Did 2020 take you to the cleaners? Don’t go it alone recovering in 2021. For a highlight reel of 2020 and to help you get your savings train back on the tracks in 2021, local Registered Principal and Registered Investment Advisor Representative Linda Zivney, with Raymond James Financial Services, Inc., has some insights to offer.
Operating with a team of three women, Zivney personally manages investment accounts for families, retirees and those close to retirement. The comprehensive planning she oversees incorporates attorney and estate planning as well as accounting and taxes. Zivney also leads quarterly “women and investing” meetings.
Overall 2020 market recap
At the risk of stating the obvious, the 2020 market was volatile—with a correction, or lowest drop of the year, on March 23. The S&P 500 finished up at 16% in the black, with the biggest returns in large technology stocks. However, diversified individuals with lower risk investments may not have seen that full return in tech.
“From my standpoint, my job is always risk management,” notes Zivney, who manages accumulative assets north of $200 million.
“Last year I was in constant communication with clients discussing individual levels of risk and how markets were reacting… If my clients weren’t sleeping at night, we reduced their level of risk. Overall, we stayed with a fairly conservative bias for retirees and pre retirees—which is the phase of life for the majority of my clients.”
Getting back on track
Zivney’s top tip for newbies to investing or those working to recover is, “Figure out a way to auto-save from every paycheck, no matter how small. Have automatic forced savings. This is the best starting point for newcomers or anyone. From a retirement account standpoint, maximize your company’s retirement plan offerings, especially if there is a contribution match option. Or, open your own Roth IRA, or traditional IRA,” advises Zivney. April 15, 2021 is the tax filing deadline for 2020. People can contribute to a retirement fund up until this date.
As for personal investing apps like Robinhood, Zivney isn’t a fan. “At the moment, active investment management is more critical than ever,” explains Zivney. For apps that help households with savings and spending, Zivney gives a thumbs up.
2021 Financial Forecast
According to Zivney, this is the time of year when predictions are flying. She’s been on conference calls with investment managers, strategists and economists to gain consensus knowledge. Her findings so far: “The general theme is equities will do better than fixed income; stocks better than bonds. The Fed will keep interest rates low, so there will be little to no returns there. Volatility should be a little less than last year. We shouldn’t revisit a low like we saw on March 23, 2020. Stock markets are looking to recover in the second half of the year. Earnings will improve as the economy reopens, all predicated on the continued rollout of the vaccine. There’s a pent-up demand for supply in leisure and other industries, which will fuel acceleration of economic growth into the second quarter. Inflation should stay low for the next year or two. Because there’s a variance in returns, you need an investment manager weeding out investments which may underperform.”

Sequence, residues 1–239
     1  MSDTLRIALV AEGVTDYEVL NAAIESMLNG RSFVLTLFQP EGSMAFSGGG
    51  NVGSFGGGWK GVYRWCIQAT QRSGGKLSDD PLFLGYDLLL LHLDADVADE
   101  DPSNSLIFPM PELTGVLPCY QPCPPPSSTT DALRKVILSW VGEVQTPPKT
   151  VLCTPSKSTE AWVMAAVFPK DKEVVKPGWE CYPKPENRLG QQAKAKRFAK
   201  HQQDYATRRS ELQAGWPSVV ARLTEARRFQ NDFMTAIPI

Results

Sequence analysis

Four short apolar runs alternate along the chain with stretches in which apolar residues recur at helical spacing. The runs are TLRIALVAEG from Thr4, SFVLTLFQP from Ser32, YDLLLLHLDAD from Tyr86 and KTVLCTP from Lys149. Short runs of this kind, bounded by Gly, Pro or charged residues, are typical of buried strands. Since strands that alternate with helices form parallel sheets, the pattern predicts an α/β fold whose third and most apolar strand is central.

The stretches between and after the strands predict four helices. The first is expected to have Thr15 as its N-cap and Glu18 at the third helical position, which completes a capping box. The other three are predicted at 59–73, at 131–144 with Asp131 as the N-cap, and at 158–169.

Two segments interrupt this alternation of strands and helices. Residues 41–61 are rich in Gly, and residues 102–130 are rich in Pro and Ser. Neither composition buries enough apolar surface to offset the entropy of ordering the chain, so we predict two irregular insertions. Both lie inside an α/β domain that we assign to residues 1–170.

Environmental Social & Governance
In 2020, ESG, or environmental, social and governance, portfolios out-performed traditional counterparts. “A lot of money is filtering into socially based investing. Consensus is that it will continue to perform well into 2021. I’m having more and more conversations with clients about ESG. In the past you may have given up returns if you wanted to invest with your heart. Not anymore. There is already a call for this sort of investing in Bend, given our community’s common love for the outdoors and a propensity for generosity.”
Initial Public Offerings
Did you know there were 460 IPOs that came to market in 2020, the largest year recorded in United States history? Although Airbnb is up over 100% (destination vacations, in alignment with Bend industry), Casper Sleep and McAfee security software are down. “Some IPOs do very well, others do not. And remember, most retail investors don’t have access to the IPO market, therefore the average investor does not have initial access. By the time the shares come on the open market the cost to get in could be much higher.”